Men’s Basketball returned to its winning ways in 2011-12 with the most victories since 2004-05 and a trip to the postseason, thanks in part to the senior guard, who led the team in rebounding and steals and was second in scoring
30-year-old rookie debuts on PGA Tour after being selected the 2011 Nationwide Tour Player of the Year by his peers.
After her son was diagnosed with Langerhans cell histiocytosis, Tracy Lamb Brown ’95 and her family have helped raise more than $250,000 for the Histiocytosis Association since 2007.
David J. Pond ’89, is the Area Business Development Leader for Ernst & Young in Houston, and serves as the president of the Houston Alumni Career Network. And yes, he has hired a Frog. How has the TCU Network benefited you in your career? When my family was looking to relocate from Chicago to Houston
Immunobiology researcher Dr. A. Bennett Jenson ’61 spent his life helping develop a vaccine against cervical cancer. Now he’s trying to make it cheaper.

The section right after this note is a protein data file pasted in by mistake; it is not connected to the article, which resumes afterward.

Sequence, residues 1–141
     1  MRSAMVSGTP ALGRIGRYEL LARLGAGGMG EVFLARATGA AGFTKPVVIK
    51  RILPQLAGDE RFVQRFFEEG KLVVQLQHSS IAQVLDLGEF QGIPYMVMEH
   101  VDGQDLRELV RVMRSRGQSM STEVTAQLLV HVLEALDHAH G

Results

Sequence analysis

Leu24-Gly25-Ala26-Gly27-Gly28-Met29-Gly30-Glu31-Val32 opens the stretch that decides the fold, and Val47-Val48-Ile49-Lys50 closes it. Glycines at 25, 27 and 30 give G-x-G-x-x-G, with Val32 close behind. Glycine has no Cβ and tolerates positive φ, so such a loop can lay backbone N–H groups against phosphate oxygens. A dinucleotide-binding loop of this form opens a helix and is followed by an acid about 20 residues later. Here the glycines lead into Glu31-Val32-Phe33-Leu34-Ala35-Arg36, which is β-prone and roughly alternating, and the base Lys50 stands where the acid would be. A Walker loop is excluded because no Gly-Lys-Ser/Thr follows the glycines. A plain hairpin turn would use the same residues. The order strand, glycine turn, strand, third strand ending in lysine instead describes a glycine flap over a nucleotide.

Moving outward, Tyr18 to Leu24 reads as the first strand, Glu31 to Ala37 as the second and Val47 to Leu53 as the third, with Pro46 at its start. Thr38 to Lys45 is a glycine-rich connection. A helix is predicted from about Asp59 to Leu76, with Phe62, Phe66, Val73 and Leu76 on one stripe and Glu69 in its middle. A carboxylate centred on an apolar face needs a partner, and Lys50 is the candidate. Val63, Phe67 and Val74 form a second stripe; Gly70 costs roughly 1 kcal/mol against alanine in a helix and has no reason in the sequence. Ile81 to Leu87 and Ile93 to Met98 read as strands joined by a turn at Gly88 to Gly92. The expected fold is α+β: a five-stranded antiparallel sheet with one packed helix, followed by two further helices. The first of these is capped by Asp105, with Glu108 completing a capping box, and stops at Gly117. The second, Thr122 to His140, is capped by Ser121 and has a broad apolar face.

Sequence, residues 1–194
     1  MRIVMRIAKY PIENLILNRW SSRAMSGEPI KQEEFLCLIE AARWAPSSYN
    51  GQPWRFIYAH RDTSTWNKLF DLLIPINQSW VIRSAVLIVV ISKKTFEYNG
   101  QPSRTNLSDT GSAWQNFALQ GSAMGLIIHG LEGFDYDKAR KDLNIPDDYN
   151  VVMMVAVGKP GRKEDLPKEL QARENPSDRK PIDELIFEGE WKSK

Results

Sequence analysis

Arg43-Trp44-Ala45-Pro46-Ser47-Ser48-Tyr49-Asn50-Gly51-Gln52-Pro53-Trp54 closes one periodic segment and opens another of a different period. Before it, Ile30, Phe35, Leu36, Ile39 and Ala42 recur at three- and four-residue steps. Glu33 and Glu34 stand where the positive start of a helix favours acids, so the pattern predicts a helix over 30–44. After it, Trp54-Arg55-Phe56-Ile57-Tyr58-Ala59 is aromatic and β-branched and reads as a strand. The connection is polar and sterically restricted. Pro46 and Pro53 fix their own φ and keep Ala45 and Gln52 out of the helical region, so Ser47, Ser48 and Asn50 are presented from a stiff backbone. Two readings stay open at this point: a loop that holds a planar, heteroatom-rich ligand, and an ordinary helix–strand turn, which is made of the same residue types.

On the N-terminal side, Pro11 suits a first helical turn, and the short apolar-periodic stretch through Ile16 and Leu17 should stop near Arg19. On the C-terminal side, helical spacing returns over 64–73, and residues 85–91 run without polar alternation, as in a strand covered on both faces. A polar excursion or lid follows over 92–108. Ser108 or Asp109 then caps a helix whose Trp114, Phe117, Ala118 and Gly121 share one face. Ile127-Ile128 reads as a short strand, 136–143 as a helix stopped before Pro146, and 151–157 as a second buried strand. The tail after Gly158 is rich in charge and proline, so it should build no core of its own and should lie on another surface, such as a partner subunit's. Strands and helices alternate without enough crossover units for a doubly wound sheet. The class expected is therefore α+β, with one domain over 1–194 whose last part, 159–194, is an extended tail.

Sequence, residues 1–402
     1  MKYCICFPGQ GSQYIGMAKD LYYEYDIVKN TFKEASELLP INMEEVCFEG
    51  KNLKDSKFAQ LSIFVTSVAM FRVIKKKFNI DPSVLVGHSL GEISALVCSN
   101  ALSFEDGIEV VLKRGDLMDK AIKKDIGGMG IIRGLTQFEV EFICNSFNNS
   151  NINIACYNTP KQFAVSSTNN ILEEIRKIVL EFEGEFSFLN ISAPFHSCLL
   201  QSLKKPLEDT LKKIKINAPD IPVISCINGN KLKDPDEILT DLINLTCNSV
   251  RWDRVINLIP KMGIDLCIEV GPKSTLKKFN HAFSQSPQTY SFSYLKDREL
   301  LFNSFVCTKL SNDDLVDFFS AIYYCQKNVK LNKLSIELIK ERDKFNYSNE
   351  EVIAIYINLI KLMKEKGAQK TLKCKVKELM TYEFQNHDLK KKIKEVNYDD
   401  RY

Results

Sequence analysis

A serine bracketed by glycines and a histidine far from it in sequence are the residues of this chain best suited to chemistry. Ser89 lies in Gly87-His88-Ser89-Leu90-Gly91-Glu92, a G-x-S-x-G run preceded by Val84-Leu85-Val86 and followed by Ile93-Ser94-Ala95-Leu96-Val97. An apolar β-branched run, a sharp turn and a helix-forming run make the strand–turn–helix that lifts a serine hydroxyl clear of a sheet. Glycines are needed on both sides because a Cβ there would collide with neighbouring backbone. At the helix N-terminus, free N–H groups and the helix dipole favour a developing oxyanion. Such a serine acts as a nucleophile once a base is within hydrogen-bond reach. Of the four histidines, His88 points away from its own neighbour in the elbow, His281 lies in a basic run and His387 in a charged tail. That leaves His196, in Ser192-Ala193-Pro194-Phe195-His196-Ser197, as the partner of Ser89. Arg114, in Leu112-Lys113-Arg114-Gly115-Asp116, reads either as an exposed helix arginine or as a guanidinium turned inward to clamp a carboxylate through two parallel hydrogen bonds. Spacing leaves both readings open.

Longtime jurist Ann Crawford McClure ’75 is first woman to lead El Paso’s Eighth Court of Appeals in its 100-year history.
Geovanny Bonilla ’11 gets help from fraternity brothers to provide computers to local high school.
With their heads in the clouds and patriotism soaring, the Flying Frogs of the late 1940s ascended to national acclaim.
Keith Miller ’71 PhD ’84 is a professor of English and faculty affiliate of the Center for the Study of Religion and Conflict in ASU’s College of Liberal Arts and Sciences, and his work focuses on the rhetoric of the civil rights movement. A leading expert on the speeches and oratory of Martin Luther King,
Something in the Water: 20 Louisiana Stories Dale H. Edmonds ’57 This collection of stories set in and around the Bayou State includes “Morning Glory,” a story about a couple’s awkward stay at a Bible-quoting bed and breakfast. Edmonds is an English professor at Tulane University. Available at portalspress.com. Worlds Apart: Bosnian lessons for Global